I am pleased to announce, together with my colleague, the Under-Secretary of State for Education, the hon. Member for Crewe and Nantwich (Mr Timpson), the Minister responsible for children and families, that today we are publishing the results of the National Prospectus grants competition to fund voluntary organisations working with children and their families.
After a highly competitive application process we have chosen 94 projects that I believe will have a significant impact on children’s lives. This represents an investment of almost £25 million in 2015-16 across seven key priority areas. The money will be spread between organisations specialising in adoption, children in care, early education and child care, family advice and support, mental health, safeguarding and special educational needs and disabilities. The grants are additional to existing Government funding that supports these areas.
For the first time we identified mental health as a theme in the National Prospectus. I am very pleased to say that we received a number of high-quality bids under this theme, and will be funding 17 projects worth almost £5 million in total.
These projects will help children and young people, from the early years through to those making the transition to adulthood. We are also continuing to provide funding to the Young Minds helpline for parents worried about the emotional problems, behaviour or mental health of their children. Support will be given in a number of different ways including face-to-face, peer support, by telephone, online and through apps. They will also help specific groups of children who face particular issues: those who have suffered brain injury; homeless young people; bereaved children; and lesbian, gay, bisexual and transgender young people.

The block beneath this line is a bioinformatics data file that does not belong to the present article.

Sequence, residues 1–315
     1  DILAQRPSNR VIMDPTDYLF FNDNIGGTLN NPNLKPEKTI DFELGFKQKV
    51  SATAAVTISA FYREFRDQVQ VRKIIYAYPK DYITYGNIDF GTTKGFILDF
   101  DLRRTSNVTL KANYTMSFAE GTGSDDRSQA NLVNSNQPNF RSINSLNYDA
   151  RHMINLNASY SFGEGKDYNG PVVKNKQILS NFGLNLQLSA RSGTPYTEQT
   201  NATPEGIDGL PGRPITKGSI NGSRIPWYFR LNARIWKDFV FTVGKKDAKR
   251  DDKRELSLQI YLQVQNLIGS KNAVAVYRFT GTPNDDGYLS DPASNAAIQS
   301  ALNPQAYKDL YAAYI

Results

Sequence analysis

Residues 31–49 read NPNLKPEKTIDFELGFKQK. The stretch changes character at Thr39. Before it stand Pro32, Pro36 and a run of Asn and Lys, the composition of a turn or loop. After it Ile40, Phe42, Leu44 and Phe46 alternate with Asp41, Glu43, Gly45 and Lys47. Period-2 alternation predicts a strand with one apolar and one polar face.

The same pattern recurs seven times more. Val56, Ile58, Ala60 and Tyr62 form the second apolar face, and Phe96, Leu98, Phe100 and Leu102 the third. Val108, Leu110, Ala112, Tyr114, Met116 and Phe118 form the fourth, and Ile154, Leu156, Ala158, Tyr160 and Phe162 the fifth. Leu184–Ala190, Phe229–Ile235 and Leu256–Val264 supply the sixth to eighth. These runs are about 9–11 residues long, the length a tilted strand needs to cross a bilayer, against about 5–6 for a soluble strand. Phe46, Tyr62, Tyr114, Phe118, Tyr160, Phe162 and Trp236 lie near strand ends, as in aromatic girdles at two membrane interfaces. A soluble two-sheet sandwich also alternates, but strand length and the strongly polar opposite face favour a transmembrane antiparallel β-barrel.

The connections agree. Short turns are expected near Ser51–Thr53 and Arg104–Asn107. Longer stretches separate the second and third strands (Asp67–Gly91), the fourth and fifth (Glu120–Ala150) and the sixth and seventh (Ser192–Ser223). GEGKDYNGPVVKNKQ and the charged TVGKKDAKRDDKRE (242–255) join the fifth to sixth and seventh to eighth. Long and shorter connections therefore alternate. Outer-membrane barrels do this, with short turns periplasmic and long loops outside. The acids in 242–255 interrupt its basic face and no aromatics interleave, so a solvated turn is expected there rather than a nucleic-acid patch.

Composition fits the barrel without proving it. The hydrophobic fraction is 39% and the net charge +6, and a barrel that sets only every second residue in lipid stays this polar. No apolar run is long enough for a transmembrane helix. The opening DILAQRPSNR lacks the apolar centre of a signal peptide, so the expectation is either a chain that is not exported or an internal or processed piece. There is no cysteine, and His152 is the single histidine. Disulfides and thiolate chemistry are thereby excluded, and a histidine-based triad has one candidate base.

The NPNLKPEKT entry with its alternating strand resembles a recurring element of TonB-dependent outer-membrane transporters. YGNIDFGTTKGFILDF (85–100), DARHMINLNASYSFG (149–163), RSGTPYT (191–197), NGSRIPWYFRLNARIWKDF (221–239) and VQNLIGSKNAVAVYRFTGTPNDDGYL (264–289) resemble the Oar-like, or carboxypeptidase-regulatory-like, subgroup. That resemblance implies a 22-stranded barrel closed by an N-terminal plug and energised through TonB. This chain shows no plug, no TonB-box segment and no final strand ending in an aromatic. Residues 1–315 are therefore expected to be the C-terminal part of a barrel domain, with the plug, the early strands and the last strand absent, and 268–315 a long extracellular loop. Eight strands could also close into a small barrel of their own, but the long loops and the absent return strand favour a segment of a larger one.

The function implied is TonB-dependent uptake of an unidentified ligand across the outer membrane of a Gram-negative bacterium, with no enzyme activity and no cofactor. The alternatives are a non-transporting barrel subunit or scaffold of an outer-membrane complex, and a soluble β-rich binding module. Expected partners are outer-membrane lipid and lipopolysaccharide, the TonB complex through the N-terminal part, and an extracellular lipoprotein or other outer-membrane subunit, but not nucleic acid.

Many of these projects will make vital links to schools. To support this, we are today also issuing two pieces of guidance which will help schools to make themselves places where mental health issues can be learned about and discussed openly and safely, and where effective early support is given for mental health issues through high-quality counselling.
We have funded the Personal, Social and Health Education (PSHE) Association to produce guidance that will help schools provide age-appropriate teaching on mental health problems from anxiety and depression to eating disorders and self-harm. This will be supplemented by specific lesson plans over the coming months so that schools can use them to plan for teaching from September.
We are also providing a new blue-print for schools on counselling services––developed in conjunction with experts in the field––which provides head teachers with practical advice on how to secure high-quality school based counselling services that meet the needs of those it intends to support.
A list of all the organisations receiving funding through the National Prospectus grants are available online at: http://www.parliament.uk/writtenstatements.